Electron acceleration using radially polarized laser pulses

Our group is also investigating how the interaction between an ultra-intense laser pulse and a solid target can be used to produce a femtosecond electron source, possibly at high repetition rate. The idea is that when the laser impinges on the solid target, it rips electrons from the front surface and propels them in the laser field with an relatively high kinetic energy. Electrons can then surf the laser wavefronts and be accelerated by the laser itself in a process known as “vacuum laser acceleration”. We have performed experiments and simulations of this process showing that electrons can be accelerated to MeV energies in beams containing 100 pC charge. The electron beams, until now, were very divergent and difficult to use for applications. Recently, we have considered the case of radially polarized laser pulses. Such exotic pulses have the advantage that at focus, the electric field acquires a longitudinal component of the field (instead of transverse for a regular plane wave). The longitudinal can in principle accelerate electrons better and produce a more collimated electron beam.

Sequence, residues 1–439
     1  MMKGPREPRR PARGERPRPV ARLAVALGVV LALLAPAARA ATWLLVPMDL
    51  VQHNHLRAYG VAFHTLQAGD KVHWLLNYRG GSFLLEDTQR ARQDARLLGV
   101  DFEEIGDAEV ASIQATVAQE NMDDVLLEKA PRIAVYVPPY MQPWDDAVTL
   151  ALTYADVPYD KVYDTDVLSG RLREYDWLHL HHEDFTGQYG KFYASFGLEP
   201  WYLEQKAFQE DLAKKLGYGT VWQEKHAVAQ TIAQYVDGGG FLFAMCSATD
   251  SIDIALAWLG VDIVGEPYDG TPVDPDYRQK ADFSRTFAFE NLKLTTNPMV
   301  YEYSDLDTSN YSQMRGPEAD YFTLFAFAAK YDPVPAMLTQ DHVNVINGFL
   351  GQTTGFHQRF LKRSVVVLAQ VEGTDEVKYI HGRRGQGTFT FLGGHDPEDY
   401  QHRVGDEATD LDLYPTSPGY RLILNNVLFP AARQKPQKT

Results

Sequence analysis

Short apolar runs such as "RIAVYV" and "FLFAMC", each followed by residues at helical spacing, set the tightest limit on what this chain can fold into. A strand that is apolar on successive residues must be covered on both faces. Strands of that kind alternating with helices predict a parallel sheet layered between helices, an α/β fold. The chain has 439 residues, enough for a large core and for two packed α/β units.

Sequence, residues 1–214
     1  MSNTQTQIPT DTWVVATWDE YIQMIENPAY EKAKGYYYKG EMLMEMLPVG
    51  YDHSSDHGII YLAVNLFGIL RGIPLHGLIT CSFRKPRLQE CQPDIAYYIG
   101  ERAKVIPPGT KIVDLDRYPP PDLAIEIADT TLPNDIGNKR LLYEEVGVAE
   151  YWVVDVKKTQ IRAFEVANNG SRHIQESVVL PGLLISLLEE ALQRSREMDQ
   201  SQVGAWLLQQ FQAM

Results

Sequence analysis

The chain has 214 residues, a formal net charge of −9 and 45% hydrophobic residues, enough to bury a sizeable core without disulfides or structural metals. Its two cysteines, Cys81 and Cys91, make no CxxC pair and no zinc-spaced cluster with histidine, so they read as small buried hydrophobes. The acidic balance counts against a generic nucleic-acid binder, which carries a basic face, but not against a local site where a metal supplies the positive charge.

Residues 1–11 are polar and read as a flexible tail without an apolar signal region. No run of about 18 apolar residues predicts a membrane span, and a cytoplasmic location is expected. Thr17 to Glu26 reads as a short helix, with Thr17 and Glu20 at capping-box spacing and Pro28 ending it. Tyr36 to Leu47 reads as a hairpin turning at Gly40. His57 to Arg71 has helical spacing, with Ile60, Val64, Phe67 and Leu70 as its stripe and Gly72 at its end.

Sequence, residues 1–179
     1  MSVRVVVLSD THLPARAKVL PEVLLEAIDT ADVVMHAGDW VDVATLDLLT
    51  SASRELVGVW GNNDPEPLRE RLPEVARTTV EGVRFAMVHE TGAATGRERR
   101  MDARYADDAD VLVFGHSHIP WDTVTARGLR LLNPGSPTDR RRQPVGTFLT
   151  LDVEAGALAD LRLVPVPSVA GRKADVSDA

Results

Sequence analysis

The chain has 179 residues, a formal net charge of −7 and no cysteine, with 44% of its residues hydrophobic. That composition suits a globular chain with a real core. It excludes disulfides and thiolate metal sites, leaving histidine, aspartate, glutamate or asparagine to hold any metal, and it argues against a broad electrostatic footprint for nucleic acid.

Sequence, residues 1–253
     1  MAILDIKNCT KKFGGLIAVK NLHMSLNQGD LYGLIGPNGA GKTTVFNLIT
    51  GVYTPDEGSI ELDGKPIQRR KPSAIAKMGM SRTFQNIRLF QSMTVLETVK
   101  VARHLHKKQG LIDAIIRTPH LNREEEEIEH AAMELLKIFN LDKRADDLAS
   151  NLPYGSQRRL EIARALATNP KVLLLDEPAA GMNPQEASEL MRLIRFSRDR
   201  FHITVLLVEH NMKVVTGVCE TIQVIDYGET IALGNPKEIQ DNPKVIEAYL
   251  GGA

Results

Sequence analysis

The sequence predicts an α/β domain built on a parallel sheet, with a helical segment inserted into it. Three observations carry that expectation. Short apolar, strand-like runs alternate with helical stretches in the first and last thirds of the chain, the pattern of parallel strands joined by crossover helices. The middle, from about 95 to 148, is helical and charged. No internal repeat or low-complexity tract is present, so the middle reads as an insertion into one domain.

Related publications:

Interaction of ultraintense radially-polarized laser pulses with plasma mirrors”, N. Zaim et al., submitted (2020)

Few-cycle laser wakefield acceleration on solid targets with controlled plasma scale length”; N. Zaïm, F. Böhle, M. Bocoum, A. Vernier, S. Haessler, X. Davoine, L. Videau, J. Faure and R. Lopez-Martens, Physics of Plasmas 26, 033112 (2019)

Relativistic acceleration of electrons injected by a plasma mirror into a radially polarized laser beam; N. Zaïm, M. Thévenet, A. Lifschitz and J. Faure, Phys. Rev. Lett. 119, 094801 (2017)

Vacuum laser acceleration of relativistic electrons using plasma mirror injectors”; M. Thévenet, A. Leblanc, S. Kahaly, H. Vincenti, A. Vernier, F. Quéré and J. Faure; Nature Physics 12, 355 (2016)

On the physics of electron ejection from laser-irradiated overdense plasmas, M. Thévenet, H. Vincenti and J. Faure; Phys. Plasmas 23, 063119 (2016)

Figure: Image of a radially polarized pulse at focus: the electric field oscillates radially, following a radial symmetry. The focal spot has a doughnut shape.